Minsk accords the only basis for lasting solution in Ukraine - Minister

Foreign policy – Russia/Ukraine – Excerpts from the interview given by M. Jean-Yves Le Drian, Minister for Europe and Foreign Affairs, to BFM TV

Paris, 7 January 2022

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Q. – We’re going to talk about Ukraine of course, but before talking about Ukraine – Ukraine and Russia, everything is linked – I’d like to talk to you about the Nord Stream 2 gas pipeline. Why? Because it’s linked. It provides Europe with leverage against Russia. It’s not me who’s saying that, it’s the US State Department that’s saying it. Does the Nord Stream 2 gas pipeline provide leverage for Europe against Russia? If Russia invades Ukraine, will we have to close Nord Stream 2?

THE MINISTER – The Germans – because it’s a German issue, it’s first of all a German issue…

Q. – Yes, it’s a German issue, but it’s also a European issue, because that Russian gas also comes to us.

THE MINISTER – With regard to that position, France has always shown great reservations about Nord Stream 2. But I understand that if by any chance there’s an attack in Ukraine, the issue will be put on the table.

Q. – It’ll be put on the table if there’s a Russian attack on Ukraine?

THE MINISTER – Everything is now focused on preventing a Russian attack on Ukraine. But we’ve told the Russians very strongly from the outset that if there’s a further attack against Ukraine, the strategic consequences on Russia will be serious; in my opinion they’d also be unanimous across Europe. This warning has been issued several times, including by France. Despite that, we must talk to the Russians. But we must also tell the Russians that if by any chance there’s an additional attack on Ukraine’s integrity, the consequences for Russia will be very severe.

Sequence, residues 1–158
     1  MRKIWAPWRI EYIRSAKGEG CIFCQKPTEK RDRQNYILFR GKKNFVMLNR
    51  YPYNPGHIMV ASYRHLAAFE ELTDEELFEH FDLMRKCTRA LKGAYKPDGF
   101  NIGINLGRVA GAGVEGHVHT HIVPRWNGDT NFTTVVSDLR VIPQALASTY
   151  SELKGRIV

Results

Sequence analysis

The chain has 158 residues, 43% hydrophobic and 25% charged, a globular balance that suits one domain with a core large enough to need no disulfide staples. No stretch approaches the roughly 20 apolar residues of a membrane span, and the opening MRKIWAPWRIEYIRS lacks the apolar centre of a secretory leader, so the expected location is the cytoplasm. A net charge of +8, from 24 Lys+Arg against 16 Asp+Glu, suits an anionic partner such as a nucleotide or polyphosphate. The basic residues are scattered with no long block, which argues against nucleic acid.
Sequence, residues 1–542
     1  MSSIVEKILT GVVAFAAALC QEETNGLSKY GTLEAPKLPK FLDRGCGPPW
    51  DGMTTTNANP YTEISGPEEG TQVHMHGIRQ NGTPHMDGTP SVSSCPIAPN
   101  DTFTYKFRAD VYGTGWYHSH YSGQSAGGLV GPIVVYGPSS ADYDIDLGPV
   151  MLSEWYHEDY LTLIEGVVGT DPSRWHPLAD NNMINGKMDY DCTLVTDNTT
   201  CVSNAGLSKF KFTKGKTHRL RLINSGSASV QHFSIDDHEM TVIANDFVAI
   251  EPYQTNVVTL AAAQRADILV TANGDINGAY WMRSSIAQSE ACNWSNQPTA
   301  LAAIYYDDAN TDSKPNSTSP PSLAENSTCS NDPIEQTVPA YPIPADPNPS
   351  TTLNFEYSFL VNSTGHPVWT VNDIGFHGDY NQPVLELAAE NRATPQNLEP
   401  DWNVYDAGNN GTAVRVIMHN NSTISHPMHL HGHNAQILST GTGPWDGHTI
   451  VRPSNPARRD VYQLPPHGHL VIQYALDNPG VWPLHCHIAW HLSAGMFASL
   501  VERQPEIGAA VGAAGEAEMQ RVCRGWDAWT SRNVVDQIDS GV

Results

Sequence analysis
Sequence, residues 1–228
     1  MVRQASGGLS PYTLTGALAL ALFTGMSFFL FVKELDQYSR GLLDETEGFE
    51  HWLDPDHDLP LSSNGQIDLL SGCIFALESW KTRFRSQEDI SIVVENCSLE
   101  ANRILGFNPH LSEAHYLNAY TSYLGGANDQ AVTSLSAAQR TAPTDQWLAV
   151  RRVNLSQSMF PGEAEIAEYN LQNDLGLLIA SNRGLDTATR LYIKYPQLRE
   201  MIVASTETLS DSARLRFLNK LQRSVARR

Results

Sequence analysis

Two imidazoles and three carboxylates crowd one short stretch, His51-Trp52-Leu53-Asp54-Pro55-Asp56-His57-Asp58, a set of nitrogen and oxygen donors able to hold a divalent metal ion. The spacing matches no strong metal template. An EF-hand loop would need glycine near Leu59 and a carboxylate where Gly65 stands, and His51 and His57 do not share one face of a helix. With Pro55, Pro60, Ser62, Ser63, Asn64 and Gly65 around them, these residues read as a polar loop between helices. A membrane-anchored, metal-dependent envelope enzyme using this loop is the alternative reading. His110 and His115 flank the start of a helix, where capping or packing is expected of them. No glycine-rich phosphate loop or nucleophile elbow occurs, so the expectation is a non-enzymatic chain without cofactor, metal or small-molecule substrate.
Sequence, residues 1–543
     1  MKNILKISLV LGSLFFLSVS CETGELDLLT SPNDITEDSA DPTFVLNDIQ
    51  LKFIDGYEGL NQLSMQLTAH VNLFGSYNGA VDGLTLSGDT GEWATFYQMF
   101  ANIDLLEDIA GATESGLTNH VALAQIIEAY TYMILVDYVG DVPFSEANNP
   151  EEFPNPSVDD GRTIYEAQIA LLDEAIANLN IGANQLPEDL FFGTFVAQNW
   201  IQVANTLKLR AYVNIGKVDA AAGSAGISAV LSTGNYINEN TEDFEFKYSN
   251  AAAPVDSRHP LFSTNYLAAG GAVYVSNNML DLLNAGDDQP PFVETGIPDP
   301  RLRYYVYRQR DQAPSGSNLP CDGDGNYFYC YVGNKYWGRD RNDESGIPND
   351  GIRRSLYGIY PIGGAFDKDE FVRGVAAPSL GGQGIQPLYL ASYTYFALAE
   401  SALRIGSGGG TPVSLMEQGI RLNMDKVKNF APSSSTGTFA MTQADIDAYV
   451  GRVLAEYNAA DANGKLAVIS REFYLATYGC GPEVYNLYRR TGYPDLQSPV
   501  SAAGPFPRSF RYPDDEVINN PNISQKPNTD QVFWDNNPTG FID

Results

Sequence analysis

Q. – So Nord Stream 2 is leverage for Europe…

THE MINISTER – It’s leverage, but there isn’t only that.

Q. – Let’s talk about Ukraine itself. Do you believe in the possibility of Russian troops invading Ukraine?

THE MINISTER – There’s been quite a considerable reinforcement of Russian forces on Ukraine’s border and on the border of the Donbas region, and this accelerated in the final months of 2021. We were very worried about this build-up. And then, at a particular point, I think it was on 21 December, President Putin said: but those were all manoeuvres, we have the right to train, and we’re going to start withdrawing some of the forces. We haven’t seen that. But…

Q. – They’re still there!

THE MINISTER – But alongside that, President Putin said: I propose that we talk. That was something new. I propose that we talk, but about what? I propose that we talk about an agreement between Russia and the United States regarding arms control, and I propose that we talk to NATO to ensure, in some way, that we return to the previous spheres of influence, i.e. blocs’ spheres of influence, and ultimately ensure that Russia returns to the spirit of Yalta. That’s not…

Q. – And of the USSR.

THE MINISTER – That’s not our standpoint…

Q. – And of the USSR.

THE MINISTER – But once President Putin says “I want to talk”, we have to agree to talk. Even if initially, in our minds, the discussion doesn’t necessarily focus on the norms President Putin proposes, discussion still enables us to talk about other things too, because in the past there was, admittedly, that confrontation between blocs before the disappearance of the USSR, but there were also agreements signed by the USSR itself, called the Helsinki Accords or the Paris Charter – signed by the USSR and picked up by Russia – which said that each country in Europe, in order to protect stability and security in Europe, has the right to autonomy, sovereignty, the inviolability of its borders, transparency – in short, to choose its alliances and partnerships: all this is in the Paris Charter and in the Helsinki Accords signed by Russia. So let’s talk! Let’s put everything on the table, let’s take part in those meetings, and let’s try and ensure that the thread of dialogue can be maintained, because we have to talk to Russia, Russia is our neighbour and we must, at the same time, be uncompromising on the fundamentals.